Students participate in medical research studies

Lizzy and Joanne Linford stand outside Icon Health Studies as Joanne prepares for her weeklong study. Icon Health Studies offers individuals compensation for participating in medical research. (Photo courtesy of Joanne Linford)

Paid research opportunities are available through medical research facilities and college campus departments. Research centers compensate hundreds and even thousands of dollars for a single study, according to former participants. 

Joanne Linford, a bioinformatics student at BYU, participated in two longer research programs with Icon Health Studies in Murray, Utah. Both times, the center was testing a new version of a drug.

After a phone screening to assure she was a good candidate for the study, Linford said Icon Health Studies sent her a packet which explained possible risks and basic information about the drug they would be testing, as well as findings from previous studies. According to Linford, the main portion of the study is an overnight stay, the duration of which may vary.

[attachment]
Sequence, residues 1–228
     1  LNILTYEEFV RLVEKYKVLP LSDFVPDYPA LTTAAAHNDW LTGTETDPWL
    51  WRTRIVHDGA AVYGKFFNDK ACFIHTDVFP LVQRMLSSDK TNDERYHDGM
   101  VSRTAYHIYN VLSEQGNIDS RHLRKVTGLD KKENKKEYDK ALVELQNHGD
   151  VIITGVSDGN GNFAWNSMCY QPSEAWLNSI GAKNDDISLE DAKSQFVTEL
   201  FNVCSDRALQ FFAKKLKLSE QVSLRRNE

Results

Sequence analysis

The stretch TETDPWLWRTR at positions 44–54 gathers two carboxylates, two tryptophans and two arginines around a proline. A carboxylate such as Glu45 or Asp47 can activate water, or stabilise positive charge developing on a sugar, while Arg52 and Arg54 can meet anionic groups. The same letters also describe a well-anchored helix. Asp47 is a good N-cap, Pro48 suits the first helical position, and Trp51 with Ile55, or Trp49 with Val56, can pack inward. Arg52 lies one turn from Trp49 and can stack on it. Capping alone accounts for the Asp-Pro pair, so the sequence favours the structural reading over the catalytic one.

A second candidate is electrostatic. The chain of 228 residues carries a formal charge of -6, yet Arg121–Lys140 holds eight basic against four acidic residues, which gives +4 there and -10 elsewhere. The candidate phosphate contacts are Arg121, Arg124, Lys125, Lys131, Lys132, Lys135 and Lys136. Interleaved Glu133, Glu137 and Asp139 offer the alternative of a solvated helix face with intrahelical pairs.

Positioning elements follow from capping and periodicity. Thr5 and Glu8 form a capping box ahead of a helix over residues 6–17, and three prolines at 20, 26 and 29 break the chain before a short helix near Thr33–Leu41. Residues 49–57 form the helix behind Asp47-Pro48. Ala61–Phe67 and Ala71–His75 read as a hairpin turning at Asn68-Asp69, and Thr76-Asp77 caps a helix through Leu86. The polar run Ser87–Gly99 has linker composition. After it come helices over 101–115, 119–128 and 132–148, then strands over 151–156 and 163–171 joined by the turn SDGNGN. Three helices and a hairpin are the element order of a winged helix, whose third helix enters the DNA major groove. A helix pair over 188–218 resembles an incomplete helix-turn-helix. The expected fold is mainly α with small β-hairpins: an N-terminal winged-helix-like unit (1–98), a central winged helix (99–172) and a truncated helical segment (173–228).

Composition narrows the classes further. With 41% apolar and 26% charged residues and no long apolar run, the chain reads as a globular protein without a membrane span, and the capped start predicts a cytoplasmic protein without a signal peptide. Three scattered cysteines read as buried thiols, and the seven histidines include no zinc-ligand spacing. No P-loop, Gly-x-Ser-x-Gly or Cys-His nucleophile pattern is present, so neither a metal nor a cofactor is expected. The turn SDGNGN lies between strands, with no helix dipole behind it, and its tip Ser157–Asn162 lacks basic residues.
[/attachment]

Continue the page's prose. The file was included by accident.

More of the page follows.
Her overnight stay lasted for a week. During the week, they administered the drug on trial to her and ran regular blood tests. The study included several subsequent follow-up appointments, according to Linford. For this study, the clinic compensated her $10,000.

“I always recommend it to people … I haven’t had any bad experiences,” Linford said.

Linford said she has never experienced any side effects while participating in a study. Her sister, Lizzy Linford, had a different experience. 

Lizzy Linford participated in a study at Icon Health Studies in which they were testing a child seizure medication that could be taken as a pill instead of an injection. While participating in the study, she experienced a mild allergic reaction to an ingredient in the test drug and broke out in hives toward the end of the weeklong period, when the dosage was increased. Lizzy Linford said the experience was not painful.